It’s a step closer to realizing eco-friendly carbon neutrality using microalgae

Improved microalgae that can quickly biosynthesize high value-added substances directly from high concentrations of carbon dioxide emitted from industrial sites have been introduced.

* Microalgae: A generic term for photosynthetic microorganisms. About 2 tons of carbon dioxide can be fixed through 1 ton of microalgae culture.

Professor Shim Sang-Joon (Korea University)’s research team has developed a biological carbon dioxide reduction technology that can quickly convert high concentrations of carbon dioxide harsh on microalgae into high value-added substances such as biofuels.

Microalgae that use carbon dioxide as a carbon source are attracting attention as they can be used to directly produce polymers such as biodegradable plastics, biofuels such as biodiesel, and medicines using carbon dioxide.

However, since microalgae have low resistance to high concentrations of carbon dioxide, there was a limit to efficiently reducing and converting high concentrations of carbon dioxide generated in large quantities throughout the industry. Carbon dioxide resistance is resistance to cytotoxic effects (such as intracellular acidification) caused by high concentrations of CO2. When CO2 resistance increases, even if high concentrations of CO2 in industrial emissions are supplied, CO2 can be efficiently useful without leading to cell death.

The research team found that the low carbon dioxide resistance in microalgae is due to the low expression of amphiphilic hydrogen ion-ATP decomposition enzymes under a high concentration of carbon dioxide environment. Amorphous membrane hydrogen ion-ATP degradation enzymes are one of the hydrogen ion (H+) emission pumps present in the cell amphiphilic membrane and are proteins that play a key role in regulating intracellular acidity (pH) in plants and fungi.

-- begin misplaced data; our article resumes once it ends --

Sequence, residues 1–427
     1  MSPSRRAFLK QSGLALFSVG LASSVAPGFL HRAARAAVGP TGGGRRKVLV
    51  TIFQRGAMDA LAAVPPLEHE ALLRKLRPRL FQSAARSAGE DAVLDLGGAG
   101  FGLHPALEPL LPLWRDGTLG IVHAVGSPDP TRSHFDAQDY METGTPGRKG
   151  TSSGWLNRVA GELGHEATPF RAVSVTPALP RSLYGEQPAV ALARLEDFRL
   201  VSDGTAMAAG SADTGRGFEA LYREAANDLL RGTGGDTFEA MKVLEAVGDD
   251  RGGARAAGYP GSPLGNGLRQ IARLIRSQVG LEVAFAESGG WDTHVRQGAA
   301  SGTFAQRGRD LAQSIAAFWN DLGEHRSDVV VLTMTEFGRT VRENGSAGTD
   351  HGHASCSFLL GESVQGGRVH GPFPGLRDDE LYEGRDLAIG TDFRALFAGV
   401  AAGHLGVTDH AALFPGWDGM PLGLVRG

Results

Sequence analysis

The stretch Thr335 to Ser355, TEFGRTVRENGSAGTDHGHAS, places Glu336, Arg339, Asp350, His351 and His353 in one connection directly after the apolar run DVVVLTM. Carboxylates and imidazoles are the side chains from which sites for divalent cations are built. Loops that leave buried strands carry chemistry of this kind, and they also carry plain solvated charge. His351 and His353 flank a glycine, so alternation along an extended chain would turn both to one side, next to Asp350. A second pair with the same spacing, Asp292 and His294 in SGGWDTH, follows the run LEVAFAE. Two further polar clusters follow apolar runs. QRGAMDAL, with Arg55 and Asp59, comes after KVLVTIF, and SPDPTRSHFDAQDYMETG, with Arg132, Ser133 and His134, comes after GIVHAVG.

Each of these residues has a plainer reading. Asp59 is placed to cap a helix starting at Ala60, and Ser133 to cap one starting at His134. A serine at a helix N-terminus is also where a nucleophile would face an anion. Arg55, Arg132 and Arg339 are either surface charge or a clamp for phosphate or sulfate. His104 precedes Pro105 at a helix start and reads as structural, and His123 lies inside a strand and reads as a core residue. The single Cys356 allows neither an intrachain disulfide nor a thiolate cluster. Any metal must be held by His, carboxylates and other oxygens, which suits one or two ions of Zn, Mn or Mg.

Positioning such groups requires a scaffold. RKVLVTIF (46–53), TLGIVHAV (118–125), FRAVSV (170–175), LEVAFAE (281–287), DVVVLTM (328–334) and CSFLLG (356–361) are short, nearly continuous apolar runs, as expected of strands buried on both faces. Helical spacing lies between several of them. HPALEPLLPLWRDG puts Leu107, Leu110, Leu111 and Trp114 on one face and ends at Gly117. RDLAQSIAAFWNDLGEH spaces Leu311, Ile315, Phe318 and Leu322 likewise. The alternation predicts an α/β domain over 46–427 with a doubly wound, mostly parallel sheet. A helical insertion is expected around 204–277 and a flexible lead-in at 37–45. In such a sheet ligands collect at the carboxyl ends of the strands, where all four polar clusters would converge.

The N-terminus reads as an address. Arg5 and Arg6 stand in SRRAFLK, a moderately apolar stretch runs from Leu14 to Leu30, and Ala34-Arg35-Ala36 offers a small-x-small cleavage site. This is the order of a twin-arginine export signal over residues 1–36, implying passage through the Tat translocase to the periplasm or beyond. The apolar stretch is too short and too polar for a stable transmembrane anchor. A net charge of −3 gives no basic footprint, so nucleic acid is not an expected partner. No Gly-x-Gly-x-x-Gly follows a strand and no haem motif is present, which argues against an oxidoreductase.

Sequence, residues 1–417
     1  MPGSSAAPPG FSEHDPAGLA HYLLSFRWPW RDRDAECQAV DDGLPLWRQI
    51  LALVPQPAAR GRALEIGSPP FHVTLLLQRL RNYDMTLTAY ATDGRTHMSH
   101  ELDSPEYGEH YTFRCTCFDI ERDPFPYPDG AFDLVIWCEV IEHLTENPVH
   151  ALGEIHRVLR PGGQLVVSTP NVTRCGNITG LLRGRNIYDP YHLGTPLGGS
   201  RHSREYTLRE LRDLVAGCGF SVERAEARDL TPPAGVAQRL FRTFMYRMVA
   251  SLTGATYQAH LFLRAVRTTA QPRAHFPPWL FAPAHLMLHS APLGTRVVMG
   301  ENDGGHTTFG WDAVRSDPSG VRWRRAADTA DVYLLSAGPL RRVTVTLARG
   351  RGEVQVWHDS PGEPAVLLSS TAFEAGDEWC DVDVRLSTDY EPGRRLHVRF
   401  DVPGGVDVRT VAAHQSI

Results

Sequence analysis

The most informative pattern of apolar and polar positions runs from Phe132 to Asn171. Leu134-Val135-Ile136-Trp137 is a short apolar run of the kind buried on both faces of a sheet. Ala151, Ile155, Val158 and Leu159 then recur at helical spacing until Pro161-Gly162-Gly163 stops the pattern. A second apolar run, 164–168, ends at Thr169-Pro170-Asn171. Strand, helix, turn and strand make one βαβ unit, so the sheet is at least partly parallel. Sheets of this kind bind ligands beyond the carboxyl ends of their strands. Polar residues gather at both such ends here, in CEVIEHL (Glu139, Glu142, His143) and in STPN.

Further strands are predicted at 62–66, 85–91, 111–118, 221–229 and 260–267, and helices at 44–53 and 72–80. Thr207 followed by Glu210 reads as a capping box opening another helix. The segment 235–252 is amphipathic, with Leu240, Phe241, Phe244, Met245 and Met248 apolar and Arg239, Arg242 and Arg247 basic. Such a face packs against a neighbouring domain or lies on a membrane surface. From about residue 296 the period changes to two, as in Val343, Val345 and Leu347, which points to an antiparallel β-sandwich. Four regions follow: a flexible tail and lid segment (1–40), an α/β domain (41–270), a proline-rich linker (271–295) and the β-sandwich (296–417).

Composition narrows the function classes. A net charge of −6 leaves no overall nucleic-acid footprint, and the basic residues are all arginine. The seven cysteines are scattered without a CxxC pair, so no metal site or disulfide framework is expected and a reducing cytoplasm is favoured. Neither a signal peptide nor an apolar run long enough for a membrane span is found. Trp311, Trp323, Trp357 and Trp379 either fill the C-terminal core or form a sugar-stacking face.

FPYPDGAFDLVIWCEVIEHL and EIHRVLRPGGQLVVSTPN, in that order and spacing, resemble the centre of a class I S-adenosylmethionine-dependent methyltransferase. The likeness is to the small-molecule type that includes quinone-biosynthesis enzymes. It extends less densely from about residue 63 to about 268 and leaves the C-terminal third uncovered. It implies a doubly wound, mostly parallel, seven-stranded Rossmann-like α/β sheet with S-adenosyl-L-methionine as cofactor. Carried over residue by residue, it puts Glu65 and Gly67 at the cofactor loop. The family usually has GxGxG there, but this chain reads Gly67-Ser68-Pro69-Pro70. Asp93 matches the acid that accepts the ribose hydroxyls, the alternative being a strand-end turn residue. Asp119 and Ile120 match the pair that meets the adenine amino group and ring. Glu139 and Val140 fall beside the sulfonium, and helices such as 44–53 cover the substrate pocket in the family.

The research team introduced this degradation enzyme gene derived from real plants into microalgae and improved it to continuously express this biological pump. As a result, these microalgae have more than tripled their carbon dioxide resistance to wild microalgae that do not.

This is because the bio pumps smoothly discharged hydrogen ions continuously accumulated in the microalgae as a result of carbon dioxide dissolution and metabolism, thereby maintaining the activity of microalgae even in acidic environments.

The research team also confirmed the effect of improving carbon dioxide resistance through outdoor mass culture experiments. Even when directly exposed to coal combustion gases containing high concentrations of carbon dioxide, it was found to convert carbon dioxide into biomass and biofuel more than twice as fast as wild microalgae.

The research team expects that the developed microalgae strain with increased carbon dioxide resistance can be used as a practical biological high-speed carbon dioxide reduction and conversion technology to realize carbon neutrality in 2050.

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